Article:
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Chinese hackers are attacking Asian building automation systems

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  • 2 min read

Chinese APT group Hafnium has hacked several Asian organisations’ building automation systems. First spotted by Kaspersky ICS CERT researchers, the group was exploiting the CVE-2021-26855 vulnerability in Microsoft Exchange servers.

These automation systems control systems like HVAC, fire and security functions of a building. Once compromised, these systems can allow attackers to access more secured areas in the networks and even make a network backdoor. 

The attacks started far back in March 2021. However, they could only be attributed to one APT group and tracked collectively since October 2021 after a ShadowPad backdoor was discovered disguised as a legitimate software on the industrial control systems of a Pakistani telecommunications company. The infected systems here included engineering computers in building automation systems.  

Since then, in addition to hacking automation systems, the attackers have deployed other common malware and tools, including CobaltStrike beacons, the PlugX backdoor, web shells, credential theft scripts and the nextnet network scanner.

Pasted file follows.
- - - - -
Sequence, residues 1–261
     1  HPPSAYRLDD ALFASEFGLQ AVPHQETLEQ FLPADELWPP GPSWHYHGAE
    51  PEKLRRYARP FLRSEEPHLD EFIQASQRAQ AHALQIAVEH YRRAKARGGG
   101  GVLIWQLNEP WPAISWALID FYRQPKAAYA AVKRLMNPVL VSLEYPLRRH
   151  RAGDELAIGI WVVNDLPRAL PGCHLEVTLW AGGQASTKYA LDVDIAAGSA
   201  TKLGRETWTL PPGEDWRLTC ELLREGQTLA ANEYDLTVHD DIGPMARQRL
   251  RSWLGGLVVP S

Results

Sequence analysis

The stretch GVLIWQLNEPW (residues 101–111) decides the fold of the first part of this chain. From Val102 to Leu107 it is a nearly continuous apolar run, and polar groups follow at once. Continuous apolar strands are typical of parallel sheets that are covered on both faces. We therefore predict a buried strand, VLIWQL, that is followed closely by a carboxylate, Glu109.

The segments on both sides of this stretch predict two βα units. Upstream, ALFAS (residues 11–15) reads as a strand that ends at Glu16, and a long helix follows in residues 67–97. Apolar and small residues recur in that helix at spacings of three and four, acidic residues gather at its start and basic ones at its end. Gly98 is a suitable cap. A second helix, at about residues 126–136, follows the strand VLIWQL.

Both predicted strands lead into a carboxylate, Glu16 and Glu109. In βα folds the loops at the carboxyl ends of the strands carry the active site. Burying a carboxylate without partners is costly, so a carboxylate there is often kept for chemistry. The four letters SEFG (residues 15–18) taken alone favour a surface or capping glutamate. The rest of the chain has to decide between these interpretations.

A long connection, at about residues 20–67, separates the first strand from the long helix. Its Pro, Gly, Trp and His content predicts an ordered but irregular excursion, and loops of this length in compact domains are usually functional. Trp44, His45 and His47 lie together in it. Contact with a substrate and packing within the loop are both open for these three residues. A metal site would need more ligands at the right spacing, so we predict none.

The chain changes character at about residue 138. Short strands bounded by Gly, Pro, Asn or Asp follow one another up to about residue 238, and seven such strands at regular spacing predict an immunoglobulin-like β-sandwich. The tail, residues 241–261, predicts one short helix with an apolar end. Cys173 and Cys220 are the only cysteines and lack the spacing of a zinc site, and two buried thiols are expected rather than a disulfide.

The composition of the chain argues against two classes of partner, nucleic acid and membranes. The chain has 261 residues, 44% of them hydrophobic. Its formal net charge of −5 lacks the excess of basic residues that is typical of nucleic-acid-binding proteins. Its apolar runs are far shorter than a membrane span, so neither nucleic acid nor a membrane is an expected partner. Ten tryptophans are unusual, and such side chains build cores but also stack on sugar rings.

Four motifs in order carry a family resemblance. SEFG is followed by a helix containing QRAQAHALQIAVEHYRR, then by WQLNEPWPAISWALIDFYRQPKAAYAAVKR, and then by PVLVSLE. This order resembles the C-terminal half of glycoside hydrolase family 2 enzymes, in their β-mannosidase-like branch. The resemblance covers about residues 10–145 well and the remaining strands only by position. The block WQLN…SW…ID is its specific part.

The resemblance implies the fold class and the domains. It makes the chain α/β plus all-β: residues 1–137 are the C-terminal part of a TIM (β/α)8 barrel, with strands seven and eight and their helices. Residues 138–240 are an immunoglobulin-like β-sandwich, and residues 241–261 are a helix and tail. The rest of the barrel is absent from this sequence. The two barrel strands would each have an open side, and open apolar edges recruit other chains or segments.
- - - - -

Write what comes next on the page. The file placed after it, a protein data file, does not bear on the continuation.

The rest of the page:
The researchers also found links to yet another Chinese APT group, tracked by Microsoft as Hafnium. Hafnium is also known to exploit ProxyLogon vulnerabilities in the past. 

The group’s intentions or motivations behind the attack are unknown at the moment. However, Kaspersky ICS CERT researchers believe that the attackers only sought to extract sensitive information. The researchers also believe that we might see attackers repeating targets and new targets pop up in more countries. 

The vulnerability being exploited is a part of a bigger group of vulnerabilities in Microsoft Exchange servers known as ProxyLogon. Microsoft issued a patch in March, but exploits were already spotted as early as January. Cybersecurity firm ESET reported that at least 10 APT groups were actively exploiting the flaw in March.

A week after Microsoft’s patch, the Dutch Institute for Vulnerability Disclosure (DIVD) found 46,000 unpatched servers against the ProxyLogon flaws. 

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Yadullah Abidi

Yadullah Abidi

Yadullah is a Computer Science graduate who writes/edits/shoots/codes all things cybersecurity, gaming, and tech hardware. When he's not, he streams himself racing virtual cars. He's been writing and reporting on tech and cybersecurity with websites like Candid.Technology and MakeUseOf since 2018. You can contact him here: